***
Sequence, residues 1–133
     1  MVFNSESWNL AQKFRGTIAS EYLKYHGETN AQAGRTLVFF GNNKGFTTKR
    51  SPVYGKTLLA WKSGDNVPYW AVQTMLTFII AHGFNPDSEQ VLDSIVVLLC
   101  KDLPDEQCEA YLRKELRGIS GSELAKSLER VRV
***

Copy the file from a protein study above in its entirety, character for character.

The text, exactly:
Sequence, residues 1–133
     1  MVFNSESWNL AQKFRGTIAS EYLKYHGETN AQAGRTLVFF GNNKGFTTKR
    51  SPVYGKTLLA WKSGDNVPYW AVQTMLTFII AHGFNPDSEQ VLDSIVVLLC
   101  KDLPDEQCEA YLRKELRGIS GSELAKSLER VRV